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25-year-old Jessica Coen caused a major buzz in the blogosphere when she stepped in last August to take over Gawker, the must-read gossip blog. Where did she come from? Who is she? bloggers asked. The University of Michigan grad seemed to move from virtual unknown to New York's gossip queen in the blink of an eye, taking over where Gawker's second editor, Choire Sicha, left off. Coen arrived just in time for a further flurry of publicity for Gawker Media, Nick Denton's ever-expanding blog empire, and has ably led Gawker through such meaty stories as Brad and Jen's breakup (which Coen gushingly obsessed over by reading from the quickie bio Brad & Jen: The Rise and Fall of Hollywood's Golden Couple at the Ritalin Reading Series), Lindsay Lohan's missing purse, and their ongoing Radar magazine obsession. In addition to her Gawker duties, Coen has written for the New York Post, doled out sex advice, been quoted in recent blog-related New York Times articles, famously appeared on Topic A with Tina Brown to go head-to-head with rival gossip columnist Liz Smith, and was named one of Media Magazine's 100 media "people you need to know" for 2005. Here, Coen goes beyond what you'll find in the Gawker FAQ and clears up various rumors, gives the inside scoop about catfights, j-school, working around the clock, Liz Smith, and being called a "penis-envying hack," all with the trademark snark that got her here in the first place.

To clear up any and all rumors on the topic, how did you wind up with such a plum job at the young age of 24?
The unexciting answer: I had a personal blog that I was writing while I lived in LA. It kept my brain from rotting during my cubicle-slave hours, and eventually I gained a small readership. Nick and Choire had apparently been reading me for some time and when they heard that I’d be moving to New York, the email from Nick magically appeared. Thousands of frantic IMs with Choire later, and I was signed on by Memorial Day. See? Bloggy dreams can come true!

The exciting answer: Nick Denton is my biological father.

How long did you attend Columbia Journalism School, and what were you planning on doing before you got the position at Gawker?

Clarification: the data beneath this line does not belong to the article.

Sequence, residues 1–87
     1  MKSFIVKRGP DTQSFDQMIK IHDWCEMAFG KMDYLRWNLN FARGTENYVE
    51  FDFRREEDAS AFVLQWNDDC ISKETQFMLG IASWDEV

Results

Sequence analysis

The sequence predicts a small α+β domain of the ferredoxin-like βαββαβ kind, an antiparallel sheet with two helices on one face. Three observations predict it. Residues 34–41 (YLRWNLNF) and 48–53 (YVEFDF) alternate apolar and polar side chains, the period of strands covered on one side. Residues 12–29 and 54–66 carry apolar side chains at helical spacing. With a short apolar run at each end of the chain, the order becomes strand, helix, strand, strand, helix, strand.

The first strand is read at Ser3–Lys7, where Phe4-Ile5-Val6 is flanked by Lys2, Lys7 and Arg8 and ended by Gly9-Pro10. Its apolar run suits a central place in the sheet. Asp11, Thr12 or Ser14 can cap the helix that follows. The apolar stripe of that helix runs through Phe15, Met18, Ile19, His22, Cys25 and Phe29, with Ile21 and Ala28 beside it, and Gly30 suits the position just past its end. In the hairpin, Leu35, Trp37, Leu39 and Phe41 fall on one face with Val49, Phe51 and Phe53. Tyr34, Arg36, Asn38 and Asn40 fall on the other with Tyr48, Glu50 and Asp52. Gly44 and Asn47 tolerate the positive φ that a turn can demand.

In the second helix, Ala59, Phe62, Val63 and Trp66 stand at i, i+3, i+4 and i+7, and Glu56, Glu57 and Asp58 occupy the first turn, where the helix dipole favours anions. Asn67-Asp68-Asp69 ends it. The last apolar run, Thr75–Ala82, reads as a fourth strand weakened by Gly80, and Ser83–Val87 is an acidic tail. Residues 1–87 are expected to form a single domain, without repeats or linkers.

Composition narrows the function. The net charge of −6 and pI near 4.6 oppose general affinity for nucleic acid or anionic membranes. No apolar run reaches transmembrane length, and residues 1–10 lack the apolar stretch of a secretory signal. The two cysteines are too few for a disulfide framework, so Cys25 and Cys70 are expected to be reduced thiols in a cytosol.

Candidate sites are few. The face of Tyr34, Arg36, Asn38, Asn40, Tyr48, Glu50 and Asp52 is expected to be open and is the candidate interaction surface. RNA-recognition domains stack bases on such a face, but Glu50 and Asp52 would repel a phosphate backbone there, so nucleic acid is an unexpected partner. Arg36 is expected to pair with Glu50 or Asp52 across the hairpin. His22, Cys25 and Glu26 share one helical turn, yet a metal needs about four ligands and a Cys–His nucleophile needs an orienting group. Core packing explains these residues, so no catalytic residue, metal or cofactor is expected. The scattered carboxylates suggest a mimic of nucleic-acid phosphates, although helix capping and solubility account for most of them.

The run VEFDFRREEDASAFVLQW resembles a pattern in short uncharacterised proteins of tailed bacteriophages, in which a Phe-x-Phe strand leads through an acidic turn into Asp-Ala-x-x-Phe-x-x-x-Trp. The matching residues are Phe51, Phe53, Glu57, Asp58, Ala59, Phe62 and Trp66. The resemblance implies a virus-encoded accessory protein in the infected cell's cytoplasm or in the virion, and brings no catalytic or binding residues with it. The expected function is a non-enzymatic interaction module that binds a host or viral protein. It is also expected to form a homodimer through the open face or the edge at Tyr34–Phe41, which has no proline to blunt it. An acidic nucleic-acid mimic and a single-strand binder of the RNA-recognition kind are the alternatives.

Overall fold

Okay, say it with me now: I DID NOT ATTEND COLUMBIA JOURNALISM SCHOOL. I was accepted to their 2005 class, I visited the campus, and I plunked down my enrollment cash (NB to all would-be j-schoolers: This was very, very stupid and expensive on my part). Nick contacted me shortly thereafter (not knowing about Columbia) and it was pretty clear that I would have to choose. Columbia lacked the poverty panache that I’d been longing for, so here I am. Also, I really wanted to piss off my mother, and choosing blogging over Columbia seemed like a cute way to go about that.

You’re Gawker’s third editor, following Elizabeth Spiers and Choire Sicha. Is it challenging to follow in their footsteps? When you write, are you aiming for a "Gawker voice" or a "Jessica Coen" voice, or do the two merge?
I think that if my own voice hadn’t been similar to The Almighty Gawker Voice, I would never have been considered for the position.

As for following Elizabeth and Choire, both of whom are incredibly talented and far more mentally ill than I could ever hope to be: of course it’s difficult. I’ll always be compared to Choire, Choire will always be compared to Elizabeth, and all of us are either fantastically superior or inferior to one another, depending on who you ask. The Chinese dude in my building thinks I’m doing an okay job; he doesn’t speak English, but I can see it in his eyes.

Speaking of your predecessors, some New York newspapers tried to insinuate a rivalry between Gawker and Fishbowl NY, which Gawker's first editor, Elizabeth Spiers, co-edits. Do stories such as these have any merit, or do they simply sound good? Are Gawker alumnae and current employees one big happy family?
Elizabeth and I used to have weekly knife-fights at the Condé Nast bike racks, but that was resolved long before either of us assumed our respective posts. I’d have to say the NYT story was purely to create buzz, and everyone loves a girl-on-girl blogger catfight. (So very sexy, non?) Sorry to disappoint, but there’s not a ton of animosity – I’m friendly with Elizabeth and have a tremendous amount of respect for her. I’m pretty close with Choire, particularly since he hired me, trained me, and breastfed me. But it’s not like everyone in the company gets together for happy hour every day.